Green groups warn heatwave is ‘taster of things to come’, as campaigners call for more ambitious net zero strategy and renewed focus on climate resilience
Green groups are calling on the government to urgently strengthen its net zero and climate resilience efforts as the UK today experienced its hottest day on record with temperatures topping 40C for the first time.
The Met Office confirmed the record this afternoon, with London Heathrow Airport reporting a temperature of 40.2C at 12:50. The temperatures smashed the previous record of 38.7C, amidst reports of melted roads and runways, canceled trains, school and nursery closures, and severe health risks.
The UK record is one of a string of records across Europe in recent days as the continent faces one of the most extreme heat waves it has ever experienced, leading to surging energy demand, wildfires, and fears of an increase in the death rate.
The spike in UK temperatures also comes as the Conservative Party moves to appoint a new Prime Minister, with candidates facing growing calls to strengthen the country’s decarbonisation and climate strategy resilience. Just yesterday, the High Court ruled the current Net Zero Strategy is forbidden and ordered the government to provide an update to the plan by next April to provide more detail on how Ministers intend to ensure legally binding emissiosn targets for the 2030s are met.
Greenpeace UK’s head of politics, Rebecca Newsom, said the new record temperature should focus policymakers’ attention on the need to both slash emissions and enhance climate resilience.
“How hot do you think it needs to get before the Prime Ministerial candidates realise that tackling the climate crisis needs to be their number one priority?” she asked. “It’s clear to everyone that urgent action to cut emissions must be taken, but the four Tory candidates are staying conspicuously quiet on the matter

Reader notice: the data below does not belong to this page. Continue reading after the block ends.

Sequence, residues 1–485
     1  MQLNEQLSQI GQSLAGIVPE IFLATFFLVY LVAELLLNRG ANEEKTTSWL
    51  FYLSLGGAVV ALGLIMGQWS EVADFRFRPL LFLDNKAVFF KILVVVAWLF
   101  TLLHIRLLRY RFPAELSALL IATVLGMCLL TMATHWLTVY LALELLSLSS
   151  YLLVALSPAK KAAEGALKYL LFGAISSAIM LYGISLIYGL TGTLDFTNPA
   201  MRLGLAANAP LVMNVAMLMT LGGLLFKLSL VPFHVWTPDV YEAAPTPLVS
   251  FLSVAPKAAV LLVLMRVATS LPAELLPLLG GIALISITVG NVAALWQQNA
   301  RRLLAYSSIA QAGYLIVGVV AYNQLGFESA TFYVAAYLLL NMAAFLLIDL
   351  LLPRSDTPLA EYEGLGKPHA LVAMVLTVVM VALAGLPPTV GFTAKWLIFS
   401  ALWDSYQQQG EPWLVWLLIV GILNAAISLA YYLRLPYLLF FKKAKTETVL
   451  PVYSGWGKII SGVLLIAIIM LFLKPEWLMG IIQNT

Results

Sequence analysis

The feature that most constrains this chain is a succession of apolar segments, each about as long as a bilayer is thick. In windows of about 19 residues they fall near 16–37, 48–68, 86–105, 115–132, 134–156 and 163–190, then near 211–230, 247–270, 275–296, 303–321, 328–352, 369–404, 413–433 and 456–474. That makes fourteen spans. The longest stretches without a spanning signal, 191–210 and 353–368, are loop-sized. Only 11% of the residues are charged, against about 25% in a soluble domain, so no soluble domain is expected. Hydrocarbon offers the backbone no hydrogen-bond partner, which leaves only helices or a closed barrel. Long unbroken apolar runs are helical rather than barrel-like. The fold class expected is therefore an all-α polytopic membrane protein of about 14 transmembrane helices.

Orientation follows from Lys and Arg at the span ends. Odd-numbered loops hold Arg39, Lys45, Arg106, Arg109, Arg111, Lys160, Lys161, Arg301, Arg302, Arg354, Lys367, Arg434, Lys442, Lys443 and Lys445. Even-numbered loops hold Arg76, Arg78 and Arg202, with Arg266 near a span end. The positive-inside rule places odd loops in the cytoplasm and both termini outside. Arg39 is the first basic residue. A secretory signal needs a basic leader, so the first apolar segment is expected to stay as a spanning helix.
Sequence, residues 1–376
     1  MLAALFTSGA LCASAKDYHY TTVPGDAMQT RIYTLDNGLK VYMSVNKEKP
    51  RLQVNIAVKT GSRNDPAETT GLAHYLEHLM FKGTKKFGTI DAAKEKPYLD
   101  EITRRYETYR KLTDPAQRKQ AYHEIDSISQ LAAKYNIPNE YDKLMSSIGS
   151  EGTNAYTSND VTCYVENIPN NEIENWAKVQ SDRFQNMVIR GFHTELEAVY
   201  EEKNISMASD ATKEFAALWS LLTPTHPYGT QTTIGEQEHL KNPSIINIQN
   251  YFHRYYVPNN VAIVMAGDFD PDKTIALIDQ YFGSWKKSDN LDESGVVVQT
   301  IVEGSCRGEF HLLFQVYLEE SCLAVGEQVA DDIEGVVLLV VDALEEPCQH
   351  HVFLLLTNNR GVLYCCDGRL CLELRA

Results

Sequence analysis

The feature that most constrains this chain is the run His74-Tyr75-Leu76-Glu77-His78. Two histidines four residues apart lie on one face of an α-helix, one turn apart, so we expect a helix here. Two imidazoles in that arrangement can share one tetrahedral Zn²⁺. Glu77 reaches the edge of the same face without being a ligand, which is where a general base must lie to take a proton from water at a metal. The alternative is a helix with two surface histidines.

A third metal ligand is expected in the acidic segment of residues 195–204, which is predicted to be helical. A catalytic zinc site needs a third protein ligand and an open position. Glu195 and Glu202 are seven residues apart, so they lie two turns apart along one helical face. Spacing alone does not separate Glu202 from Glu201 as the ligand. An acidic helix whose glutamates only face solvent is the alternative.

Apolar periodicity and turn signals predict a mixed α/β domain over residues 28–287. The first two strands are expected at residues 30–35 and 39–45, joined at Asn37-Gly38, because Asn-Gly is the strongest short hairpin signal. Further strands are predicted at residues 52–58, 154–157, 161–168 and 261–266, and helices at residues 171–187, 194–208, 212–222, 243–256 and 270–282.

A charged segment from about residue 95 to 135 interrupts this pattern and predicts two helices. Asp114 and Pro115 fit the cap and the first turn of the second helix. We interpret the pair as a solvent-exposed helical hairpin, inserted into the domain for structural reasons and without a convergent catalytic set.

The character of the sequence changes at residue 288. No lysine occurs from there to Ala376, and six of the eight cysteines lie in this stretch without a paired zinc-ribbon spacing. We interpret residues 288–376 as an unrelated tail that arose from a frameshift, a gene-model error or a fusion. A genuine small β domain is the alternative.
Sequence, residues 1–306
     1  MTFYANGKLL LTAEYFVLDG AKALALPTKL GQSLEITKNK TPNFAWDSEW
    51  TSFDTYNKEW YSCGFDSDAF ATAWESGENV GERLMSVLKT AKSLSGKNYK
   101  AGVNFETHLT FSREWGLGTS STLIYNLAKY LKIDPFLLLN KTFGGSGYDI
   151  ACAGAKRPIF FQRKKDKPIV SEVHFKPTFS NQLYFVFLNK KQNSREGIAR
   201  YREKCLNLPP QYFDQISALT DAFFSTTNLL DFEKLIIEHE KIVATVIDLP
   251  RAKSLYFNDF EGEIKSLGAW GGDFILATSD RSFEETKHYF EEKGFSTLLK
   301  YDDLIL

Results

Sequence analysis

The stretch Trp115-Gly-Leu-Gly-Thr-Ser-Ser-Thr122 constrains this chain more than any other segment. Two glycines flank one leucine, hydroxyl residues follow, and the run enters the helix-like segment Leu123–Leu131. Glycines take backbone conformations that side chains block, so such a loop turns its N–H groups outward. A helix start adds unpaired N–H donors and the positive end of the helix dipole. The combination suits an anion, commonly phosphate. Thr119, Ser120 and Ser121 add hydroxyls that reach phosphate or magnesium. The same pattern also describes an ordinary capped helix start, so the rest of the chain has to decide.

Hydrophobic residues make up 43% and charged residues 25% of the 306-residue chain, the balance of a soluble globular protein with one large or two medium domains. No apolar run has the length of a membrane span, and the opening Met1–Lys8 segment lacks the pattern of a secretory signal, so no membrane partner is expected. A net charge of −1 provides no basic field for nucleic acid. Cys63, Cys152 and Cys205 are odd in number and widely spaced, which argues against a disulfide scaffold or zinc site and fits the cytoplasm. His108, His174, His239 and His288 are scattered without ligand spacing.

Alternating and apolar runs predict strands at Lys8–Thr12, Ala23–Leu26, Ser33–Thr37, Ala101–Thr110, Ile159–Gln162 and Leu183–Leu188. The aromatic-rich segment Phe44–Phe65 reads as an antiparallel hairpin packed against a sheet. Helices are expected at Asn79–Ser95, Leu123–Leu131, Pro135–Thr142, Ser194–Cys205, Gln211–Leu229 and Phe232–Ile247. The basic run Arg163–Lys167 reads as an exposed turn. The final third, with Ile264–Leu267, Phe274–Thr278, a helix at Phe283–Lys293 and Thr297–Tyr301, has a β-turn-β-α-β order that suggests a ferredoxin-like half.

“This life-threatening heat is just a taster of what’s to come unless the next Prime Minister delivers the concrete policies that will transition the UK away from fossil fuels, cut bills, boost cheap renewables and green our homes. Failure to do so won’ t just lose the Conservatives votes at the next election – it will threaten the future of our society as we know it.”
Bob Ward, policy and communications director at the Grantham Research Institute on Climate Change and the Environment at the London School of Economics and Political Science, echoed Newsom’s concerns, adding that the heatwave is a direct result of climate change and that extreme weather events will continue to intensify unless the world reaches net zero emission.
“This record temperature is a harbinger of things to come,” he said. “These impacts will continue to grow until the world reaches net zero emissions of carbon dioxide and other greenhouse gases. That means risks to lives and livelihoods will keep rising for at least the next 30 years in the UK and around the world. net zero now would mean far more suffering later.”
Gareth Redmond-King, international lead at the Energy and Climate Intelligence Unit (ECIU), said that the heatwave “is to nice summer weather what a hurricane is to an April shower”.
“We are not used to coping with these temperatures in the UK, and we’re not set up to live our lives normally and safely with these new extremes,” he said. “This is no doubt part of the reason why two thirds of the public support the UK’s commitment to net zero, to cut emissions sharply to avoid even worse in the future.”
Richard Black, senior associate at ECIU said that the record temperature reflects long standing scientific warnings around worsening climate impacts, and that without action of bringing emissions down to net zero the world can expect to see more extreme weather in the form of heatwaves, droughts , and floods that will pose a serious threat to food supplies, critical infrastructure, and geopolitical stability.
“Arriving in the middle of a Conservative Party leadership election where some candidates have been querying the cost of cutting emissions, the weather is reminding us in the starkest possible terms of the penalties for not doing so,” he said. “The science is equally clear that just trying to adapt cannot work, and that the costs of not halting climate change – the cost of not zero – will be far higher than the cost of net zero.”